Neuronal activity causes use-dependent decline in protein function. However, it is unclear how this is coupled to local quality control mechanisms. We show in Drosophila that the endocytic protein Endophilin-A (EndoA) connects activity-induced calcium influx to synaptic autophagy and neuronal survival in a Parkinson disease-relevant fashion. Mutations in the disordered loop, including a Parkinson disease-risk mutation, render EndoA insensitive to neuronal stimulation and affect protein dynamics: when EndoA is more flexible, its mobility in membrane nanodomains increases, making it available for autophagosome formation. Conversely, when EndoA is more rigid, its mobility reduces, blocking stimulation-induced autophagy. Balanced stimulation-induced autophagy is required for dopagminergic neuron survival, and a variant in the human ENDOA1 disordered loop conferring risk to Parkinson disease also blocks nanodomain protein mobility and autophagy both in vivo and in human-induced dopaminergic neurons. Thus, we reveal a mechanism that neurons use to connect neuronal activity to local autophagy and that is critical for neuronal survival.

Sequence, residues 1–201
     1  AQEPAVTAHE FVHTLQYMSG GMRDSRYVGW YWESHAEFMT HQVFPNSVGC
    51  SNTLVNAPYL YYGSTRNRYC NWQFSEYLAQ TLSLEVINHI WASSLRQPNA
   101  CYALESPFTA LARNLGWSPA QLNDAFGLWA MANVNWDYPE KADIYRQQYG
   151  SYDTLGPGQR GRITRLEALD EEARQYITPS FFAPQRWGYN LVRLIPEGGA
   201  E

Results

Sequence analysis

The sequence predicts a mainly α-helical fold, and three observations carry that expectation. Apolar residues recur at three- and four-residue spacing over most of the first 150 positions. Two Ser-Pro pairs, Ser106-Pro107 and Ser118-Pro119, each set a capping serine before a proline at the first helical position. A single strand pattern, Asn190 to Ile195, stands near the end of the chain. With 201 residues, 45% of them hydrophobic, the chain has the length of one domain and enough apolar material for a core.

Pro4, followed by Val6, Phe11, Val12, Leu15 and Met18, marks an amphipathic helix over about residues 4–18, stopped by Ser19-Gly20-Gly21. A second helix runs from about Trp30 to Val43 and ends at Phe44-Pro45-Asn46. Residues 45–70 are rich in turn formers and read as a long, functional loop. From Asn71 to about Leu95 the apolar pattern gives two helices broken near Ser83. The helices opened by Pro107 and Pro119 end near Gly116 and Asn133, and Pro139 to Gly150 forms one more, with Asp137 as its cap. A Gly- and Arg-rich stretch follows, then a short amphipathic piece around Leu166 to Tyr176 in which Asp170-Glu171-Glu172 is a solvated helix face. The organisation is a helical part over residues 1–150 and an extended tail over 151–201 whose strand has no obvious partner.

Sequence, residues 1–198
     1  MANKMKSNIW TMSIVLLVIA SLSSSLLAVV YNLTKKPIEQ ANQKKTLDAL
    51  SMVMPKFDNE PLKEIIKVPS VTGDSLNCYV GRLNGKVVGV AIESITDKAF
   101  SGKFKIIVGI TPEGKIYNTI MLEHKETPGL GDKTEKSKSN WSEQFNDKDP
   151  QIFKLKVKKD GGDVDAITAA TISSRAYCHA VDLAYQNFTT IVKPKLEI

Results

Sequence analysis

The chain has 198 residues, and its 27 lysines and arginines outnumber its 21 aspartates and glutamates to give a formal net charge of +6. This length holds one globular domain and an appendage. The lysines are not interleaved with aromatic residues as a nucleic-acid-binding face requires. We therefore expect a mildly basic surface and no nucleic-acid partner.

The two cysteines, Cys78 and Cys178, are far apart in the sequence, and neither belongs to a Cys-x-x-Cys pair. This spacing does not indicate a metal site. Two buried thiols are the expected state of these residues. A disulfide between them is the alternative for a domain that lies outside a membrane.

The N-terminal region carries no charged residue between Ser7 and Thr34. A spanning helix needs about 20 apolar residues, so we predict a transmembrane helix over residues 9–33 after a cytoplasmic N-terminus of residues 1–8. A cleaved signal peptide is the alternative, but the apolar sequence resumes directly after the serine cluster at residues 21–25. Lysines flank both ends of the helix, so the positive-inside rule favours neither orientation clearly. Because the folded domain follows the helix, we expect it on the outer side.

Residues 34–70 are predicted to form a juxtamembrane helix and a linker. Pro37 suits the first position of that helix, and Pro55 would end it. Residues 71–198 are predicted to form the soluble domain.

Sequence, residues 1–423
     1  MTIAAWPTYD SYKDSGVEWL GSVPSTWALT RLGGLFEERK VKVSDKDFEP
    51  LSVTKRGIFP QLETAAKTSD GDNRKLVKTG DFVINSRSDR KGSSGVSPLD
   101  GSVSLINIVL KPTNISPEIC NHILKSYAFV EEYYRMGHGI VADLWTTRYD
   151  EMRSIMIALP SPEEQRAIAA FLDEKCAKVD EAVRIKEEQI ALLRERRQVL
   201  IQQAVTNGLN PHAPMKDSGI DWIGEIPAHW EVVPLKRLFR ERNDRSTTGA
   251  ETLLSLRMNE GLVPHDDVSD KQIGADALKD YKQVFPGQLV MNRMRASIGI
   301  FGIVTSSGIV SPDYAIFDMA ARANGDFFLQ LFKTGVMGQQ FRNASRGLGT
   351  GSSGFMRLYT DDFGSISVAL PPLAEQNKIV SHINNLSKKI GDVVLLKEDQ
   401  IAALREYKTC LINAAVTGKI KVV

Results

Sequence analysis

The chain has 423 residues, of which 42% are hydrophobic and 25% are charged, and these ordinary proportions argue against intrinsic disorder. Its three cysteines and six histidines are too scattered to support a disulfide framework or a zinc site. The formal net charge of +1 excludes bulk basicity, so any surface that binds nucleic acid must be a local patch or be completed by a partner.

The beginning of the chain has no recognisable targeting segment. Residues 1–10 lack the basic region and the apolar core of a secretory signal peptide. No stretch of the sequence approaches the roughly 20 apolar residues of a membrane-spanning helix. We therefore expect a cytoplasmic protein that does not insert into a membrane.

Keywords: Ca(2+) influx; Parkinson disease; endophilinA; neuronal activity; synaptic autophagy.
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